Association of GABA and muscimol responses
Dep/AHP response enhancement, sometimes caused by GABA antagonists, might result from blockade of an underlying but hidden, hyperpolarizing, ionotropic GABA mechanism mixed together with the dep/AHP mechanism. Indeed lithium blockade of the dep/AHP mechanism left a small, residual, median GABA hyperpolarization. This could be evidence for two mechanisms on the same neuron: a dep/AHP mechanism and an ionotropic GABA mechanism. In one example of a bipolar type with dep/AHP response to GABA (, st treatment), muscimol induced a hyperpolarizing response (2nd treatment). Glycine also evoked hyperpolarization in this cell (4th treatment). In 3 of 5 bipolar cell AOI's depolarized by GABA, a subsequent dose of muscimol evoked a hyperpolarizing response. In 8 horizontal cells depolarized by GABA, no muscimol-evoked hyperpolarizing responses were seen. Neither of these results appears to be preferential association of the two mechanisms as, in any event, ~60% of bipolar cells are hyperpolarized by muscimol (), while virtually no horizontal cells are (). In 187 other cells with GABA evoked dep/AHP, there were 54 cases (29%) of muscimol inducing a hyperpolarizing response. This is 7 short of the 61 that might have been expected by independent association (based on the frequency of each response in this population), but the difference is not significant (p ≥ 0.05, Chi Square test). Taken together these results suggest that depolarizing GABA responses and hyperpolarizing muscimol responses on bipolar cells and other retinal neurons are separate mechanisms, and can associate independently. The exception to this pattern appears to be horizontal cells, where hyperpolarizing, ionotropic, GABA receptors are excluded, but the dep/AHP mechanism is preferentially expressed.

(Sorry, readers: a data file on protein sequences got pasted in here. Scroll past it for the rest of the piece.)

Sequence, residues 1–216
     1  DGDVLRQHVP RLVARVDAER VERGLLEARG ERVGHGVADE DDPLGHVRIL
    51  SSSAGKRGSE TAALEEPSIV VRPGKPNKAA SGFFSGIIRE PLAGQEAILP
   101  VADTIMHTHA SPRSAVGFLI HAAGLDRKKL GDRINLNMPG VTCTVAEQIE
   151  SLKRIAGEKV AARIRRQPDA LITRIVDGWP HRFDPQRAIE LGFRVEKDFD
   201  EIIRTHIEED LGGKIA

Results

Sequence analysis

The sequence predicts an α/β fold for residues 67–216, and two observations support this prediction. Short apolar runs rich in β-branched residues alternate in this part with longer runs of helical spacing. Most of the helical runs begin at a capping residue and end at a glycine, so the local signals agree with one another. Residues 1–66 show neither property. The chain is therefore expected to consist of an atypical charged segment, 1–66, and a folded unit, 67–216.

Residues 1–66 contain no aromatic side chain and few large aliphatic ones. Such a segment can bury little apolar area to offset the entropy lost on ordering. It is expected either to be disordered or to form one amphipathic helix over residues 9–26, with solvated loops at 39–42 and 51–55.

Fig. 7 Mixed GABA mechanisms in a bipolar cell depolarized by GABA. A bipolar cell depolarized by GABA is hyperpolarized by muscimol (Musc). Glycine (Gly) also hyperpolarizes this cell. Baclofen (Bac) has little effect. The bipolar cell image revealed a long (more ...)
Muscimol induced dep/AHP was much less common than GABA induced dep/AHP, nonetheless, where present, the mechanism appears to be shared. In the present study there were 900 dissociated cells, excluding identified horizontal and bipolar types, where GABA treatment was followed by muscimol treatment. GABA dep/AHP responses were found in 187 of these. Among these 187, muscimol dep/AHP occurred in 27 cases. But only 9 cases were expected by independent association based on the separate frequency of occurrence of GABA and muscimol dep/AHP responses in this population. The excess is significant (p < 0.01, Chi square test), suggesting that in the general population of retinal neurons there is an increased probability of muscimol dep/AHP responses among cells with a GABA dep/AHP response, albeit the frequency was very low.